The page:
• Mir News 404: Mir-routine - . Nation: Russia. Program: Mir. Flight: Mir NASA-5; Mir EO-24; STS-89; Mir NASA-6. During the weekend of 17.01.98 Solovyov and Vinogradov entered the airlock (Sh.S.O.) of the Module-D (Kvant-2) and showed images of the outer hatch and its malfunctioning locks. One of those locks was seriously damaged. The repair of this hatch will be done by the next crew for a special spanner is needed which has to be made on earth and delivered to Mir by that crew. The Russians can work inside the Sh.S.O. not wearing a space suit for the air in the Sh.S.O. is leaking away very slowly. Endeavour (STS-89): During the launch of Endeavour on 23.01 at 0248 UTC the Mir was over Western Europe.

    As the crew was not able to see the launch they slept. Appr. 19 minutes later Endeavour came in range of Western Europa and via the 259.700 mc (AM-W) Terrence Wilcutt could be heard reporting some facts to Houston via a tracking station in Spain. During the periods in which Endeavour and Mir could communicate directly on VHF both objects were out of our range. A short time before the docking images from Mir with the approaching Shuttle could be seen via Altair-2. This was not very much: 2 huge projectors and a few obstacles. In a very short transmission CNN transmitted the same images. (Not much attention by CNN for the Clinton sensation had a higher priority)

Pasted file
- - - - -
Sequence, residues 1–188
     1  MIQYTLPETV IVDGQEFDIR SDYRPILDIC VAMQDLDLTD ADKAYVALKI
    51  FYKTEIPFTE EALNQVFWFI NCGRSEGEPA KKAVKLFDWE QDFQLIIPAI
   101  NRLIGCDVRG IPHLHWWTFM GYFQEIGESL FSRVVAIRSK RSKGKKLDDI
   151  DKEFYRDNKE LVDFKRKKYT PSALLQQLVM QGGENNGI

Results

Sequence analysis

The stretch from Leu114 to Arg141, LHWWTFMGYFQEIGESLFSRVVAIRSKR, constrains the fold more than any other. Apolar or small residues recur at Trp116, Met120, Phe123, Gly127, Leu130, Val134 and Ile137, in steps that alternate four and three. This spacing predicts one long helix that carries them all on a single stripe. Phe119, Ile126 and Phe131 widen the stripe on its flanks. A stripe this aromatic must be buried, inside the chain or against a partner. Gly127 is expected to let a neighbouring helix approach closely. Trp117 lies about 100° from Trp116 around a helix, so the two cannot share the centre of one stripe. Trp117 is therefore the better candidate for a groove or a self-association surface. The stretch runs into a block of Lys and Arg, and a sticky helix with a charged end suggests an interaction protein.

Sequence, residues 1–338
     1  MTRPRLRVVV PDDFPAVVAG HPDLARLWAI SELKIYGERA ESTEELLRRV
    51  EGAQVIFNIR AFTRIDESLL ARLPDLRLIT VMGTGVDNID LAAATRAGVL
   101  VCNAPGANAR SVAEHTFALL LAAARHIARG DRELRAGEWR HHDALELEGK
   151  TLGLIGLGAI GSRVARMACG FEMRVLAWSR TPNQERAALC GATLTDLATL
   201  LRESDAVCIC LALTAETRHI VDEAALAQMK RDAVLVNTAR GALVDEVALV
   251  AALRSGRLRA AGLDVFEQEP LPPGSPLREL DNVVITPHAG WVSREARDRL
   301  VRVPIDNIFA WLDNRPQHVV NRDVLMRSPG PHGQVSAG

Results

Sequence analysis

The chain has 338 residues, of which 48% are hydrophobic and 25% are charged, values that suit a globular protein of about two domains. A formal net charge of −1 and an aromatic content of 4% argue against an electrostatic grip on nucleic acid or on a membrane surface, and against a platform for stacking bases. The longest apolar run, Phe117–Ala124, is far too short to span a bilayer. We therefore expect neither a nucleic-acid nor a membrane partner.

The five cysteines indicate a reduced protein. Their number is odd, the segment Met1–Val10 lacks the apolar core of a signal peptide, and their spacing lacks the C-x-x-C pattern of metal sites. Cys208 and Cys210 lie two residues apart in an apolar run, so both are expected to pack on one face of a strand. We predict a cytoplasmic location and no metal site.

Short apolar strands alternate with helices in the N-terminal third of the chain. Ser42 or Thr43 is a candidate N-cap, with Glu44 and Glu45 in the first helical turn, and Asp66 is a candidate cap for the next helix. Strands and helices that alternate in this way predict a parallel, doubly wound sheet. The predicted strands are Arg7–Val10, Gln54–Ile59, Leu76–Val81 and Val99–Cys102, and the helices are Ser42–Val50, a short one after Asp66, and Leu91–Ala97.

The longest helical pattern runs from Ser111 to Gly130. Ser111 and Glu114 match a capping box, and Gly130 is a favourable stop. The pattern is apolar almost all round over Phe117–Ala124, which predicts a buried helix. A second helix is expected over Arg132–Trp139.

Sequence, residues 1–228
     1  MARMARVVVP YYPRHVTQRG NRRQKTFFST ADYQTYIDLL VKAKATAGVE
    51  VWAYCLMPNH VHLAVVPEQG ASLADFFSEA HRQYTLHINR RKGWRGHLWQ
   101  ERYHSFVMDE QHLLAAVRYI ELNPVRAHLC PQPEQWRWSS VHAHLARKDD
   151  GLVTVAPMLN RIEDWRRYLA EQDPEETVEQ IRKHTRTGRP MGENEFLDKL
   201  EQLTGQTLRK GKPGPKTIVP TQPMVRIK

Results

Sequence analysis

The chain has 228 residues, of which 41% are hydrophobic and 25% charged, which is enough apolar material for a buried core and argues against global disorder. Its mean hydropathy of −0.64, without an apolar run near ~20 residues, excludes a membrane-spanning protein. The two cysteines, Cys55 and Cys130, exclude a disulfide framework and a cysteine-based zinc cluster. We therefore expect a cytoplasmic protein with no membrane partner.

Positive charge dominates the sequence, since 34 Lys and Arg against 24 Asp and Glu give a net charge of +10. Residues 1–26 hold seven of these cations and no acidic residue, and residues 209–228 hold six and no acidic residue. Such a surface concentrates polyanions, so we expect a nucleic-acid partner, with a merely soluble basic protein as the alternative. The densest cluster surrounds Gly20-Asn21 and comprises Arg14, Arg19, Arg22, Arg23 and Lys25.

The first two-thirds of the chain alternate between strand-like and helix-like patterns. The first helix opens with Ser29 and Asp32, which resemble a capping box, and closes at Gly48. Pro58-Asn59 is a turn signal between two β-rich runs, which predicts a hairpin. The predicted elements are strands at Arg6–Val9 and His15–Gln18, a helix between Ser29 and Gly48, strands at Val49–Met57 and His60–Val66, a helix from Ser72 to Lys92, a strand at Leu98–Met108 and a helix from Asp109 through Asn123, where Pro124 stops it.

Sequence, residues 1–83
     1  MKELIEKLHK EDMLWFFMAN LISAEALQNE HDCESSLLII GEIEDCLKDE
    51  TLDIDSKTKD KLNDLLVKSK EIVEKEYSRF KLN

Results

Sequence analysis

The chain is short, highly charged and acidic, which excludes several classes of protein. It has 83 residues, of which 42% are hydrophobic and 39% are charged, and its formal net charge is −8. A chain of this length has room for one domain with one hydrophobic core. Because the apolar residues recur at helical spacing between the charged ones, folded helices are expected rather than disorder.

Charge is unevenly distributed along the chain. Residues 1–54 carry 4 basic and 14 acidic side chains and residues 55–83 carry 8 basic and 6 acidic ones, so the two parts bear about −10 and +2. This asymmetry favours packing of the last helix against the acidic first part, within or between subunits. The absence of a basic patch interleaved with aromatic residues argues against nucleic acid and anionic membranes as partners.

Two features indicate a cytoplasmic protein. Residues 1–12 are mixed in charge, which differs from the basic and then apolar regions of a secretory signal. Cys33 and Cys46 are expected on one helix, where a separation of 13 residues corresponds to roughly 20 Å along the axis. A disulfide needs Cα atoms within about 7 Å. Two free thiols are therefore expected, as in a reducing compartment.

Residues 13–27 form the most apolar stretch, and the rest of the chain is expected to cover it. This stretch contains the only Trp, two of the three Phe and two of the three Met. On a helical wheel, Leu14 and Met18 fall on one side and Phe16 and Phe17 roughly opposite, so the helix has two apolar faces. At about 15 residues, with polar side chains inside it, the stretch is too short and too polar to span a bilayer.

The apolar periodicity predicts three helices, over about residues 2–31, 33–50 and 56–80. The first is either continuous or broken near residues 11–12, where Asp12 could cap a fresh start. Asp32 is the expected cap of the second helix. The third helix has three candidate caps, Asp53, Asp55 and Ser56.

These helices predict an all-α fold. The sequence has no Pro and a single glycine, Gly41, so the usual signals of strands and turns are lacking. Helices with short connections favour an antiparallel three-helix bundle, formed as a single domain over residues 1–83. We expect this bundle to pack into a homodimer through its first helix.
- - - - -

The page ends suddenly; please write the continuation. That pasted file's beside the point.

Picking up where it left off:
Communications Mir after the docking:

    Via VHF channels a lot of interesting traffic. The docking took place on 24.01.98 at 20.14.15 UTC. Just before the docking there was a short pass for Western Europe (Mir's orbit 68163, 2008-2010 UTC) with an elevation of 1 degree. No traffic on 143.625 or 130.165 mc could be monitored then. During the pass in orbit 68164, 2140-2149 UTC, Solovyov could be heard on those 2 frequencies. He reported that at his side all was ready to open the hatches after airseal checks, equalisation of the pressures with the 'vestibule' of the docking compartment (SO) and the installation of protection caps.